Reshaping Curves with the Subselection Tool
The subselection tool lets you manipulate a point's Bézier handles to modify the slope and depth of the curve. You can add and delete points and convert existing curve points to corner points, or vice versa, with the pen tool (see "Converting, Removing, and Adding Points," later in this chapter).
One way to reshape a curve is to change the location of the anchor points that define the curve.
To move a curve point:
- In the Toolbar, choose the subselection tool.
Click a path to select it.
Flash highlights the entire path of the selected element.
Position the pointer over a curve point.
The anchor-point modifier appears.
Click and drag the point to a new location.
Flash previews the new curve as you drag (Figure 3.38).
Figure 3.38 One way to modify a curved path is to reposition anchor points with the subselection tool.
After you move a curve point, the path remains selected, and the Bézier control handles of the point you moved become active so that you can further manipulate the curve.
To reshape a curve with the Bézier handles:
- With the subselection tool, click the curve you want to modify.
Click one of the anchor points that define the curve you want to modify.
Bézier handles appear.
Click and drag one of the Bézier handles.
The pointer changes to an arrowhead.
- To modify the curve, do one or more of the following:
- To make the curve more pronounced, position the Bézier handle farther from the curve in the direction in which the curve bulges.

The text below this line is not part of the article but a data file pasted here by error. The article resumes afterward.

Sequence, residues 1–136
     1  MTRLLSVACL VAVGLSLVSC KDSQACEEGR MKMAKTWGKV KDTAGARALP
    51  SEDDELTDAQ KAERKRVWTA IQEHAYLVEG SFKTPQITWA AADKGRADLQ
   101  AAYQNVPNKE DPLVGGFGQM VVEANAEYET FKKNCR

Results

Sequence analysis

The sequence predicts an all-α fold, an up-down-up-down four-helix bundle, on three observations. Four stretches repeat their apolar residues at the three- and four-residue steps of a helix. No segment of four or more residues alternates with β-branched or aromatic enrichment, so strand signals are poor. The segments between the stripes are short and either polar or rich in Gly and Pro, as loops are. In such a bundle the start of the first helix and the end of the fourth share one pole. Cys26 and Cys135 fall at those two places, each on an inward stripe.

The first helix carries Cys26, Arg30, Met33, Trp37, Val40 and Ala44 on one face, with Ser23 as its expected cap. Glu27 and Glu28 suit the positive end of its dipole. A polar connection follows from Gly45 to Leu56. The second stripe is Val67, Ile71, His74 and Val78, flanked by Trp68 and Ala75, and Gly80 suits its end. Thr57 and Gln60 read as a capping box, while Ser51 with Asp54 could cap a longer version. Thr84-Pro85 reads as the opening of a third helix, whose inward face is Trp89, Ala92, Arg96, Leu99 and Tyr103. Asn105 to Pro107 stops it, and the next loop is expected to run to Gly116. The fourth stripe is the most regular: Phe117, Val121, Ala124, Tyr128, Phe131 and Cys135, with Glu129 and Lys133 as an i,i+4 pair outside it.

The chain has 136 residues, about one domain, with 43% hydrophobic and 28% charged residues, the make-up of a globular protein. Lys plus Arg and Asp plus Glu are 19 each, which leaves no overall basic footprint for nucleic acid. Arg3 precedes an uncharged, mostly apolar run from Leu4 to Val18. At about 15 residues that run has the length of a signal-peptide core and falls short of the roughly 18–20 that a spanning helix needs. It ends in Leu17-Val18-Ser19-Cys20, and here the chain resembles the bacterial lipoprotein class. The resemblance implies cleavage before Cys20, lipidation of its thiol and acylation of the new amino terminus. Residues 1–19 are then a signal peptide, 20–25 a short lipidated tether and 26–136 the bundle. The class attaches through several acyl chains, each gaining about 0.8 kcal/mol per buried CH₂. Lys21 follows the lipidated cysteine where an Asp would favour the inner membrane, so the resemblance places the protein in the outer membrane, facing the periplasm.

- To make the curve flatter, position the Bézier handle closer to the curve.
- To make the curve bulge in the opposite direction, move the Bézier handle past the existing curve, in the opposite direction from the current bulge.
- To make the curve deeper, position the Bézier handle farther from the anchor point.
To make the curve shallower, position the Bézier handle closer to the anchor point.
Flash previews the new curve as you manipulate the Bézier handle (Figure 3.39).
Figure 3.39 When you select anchor points, their Bézier handles appear (A). Leaning a Bézier handle away from a curve (B) makes that curve segment more pronounced (C). Leaning the handle toward the curve flattens that part of the curve. Dragging the Bézier handle away from its anchor point (D) makes the curve deeper (E); dragging the handle toward the anchor point makes the curve shallower.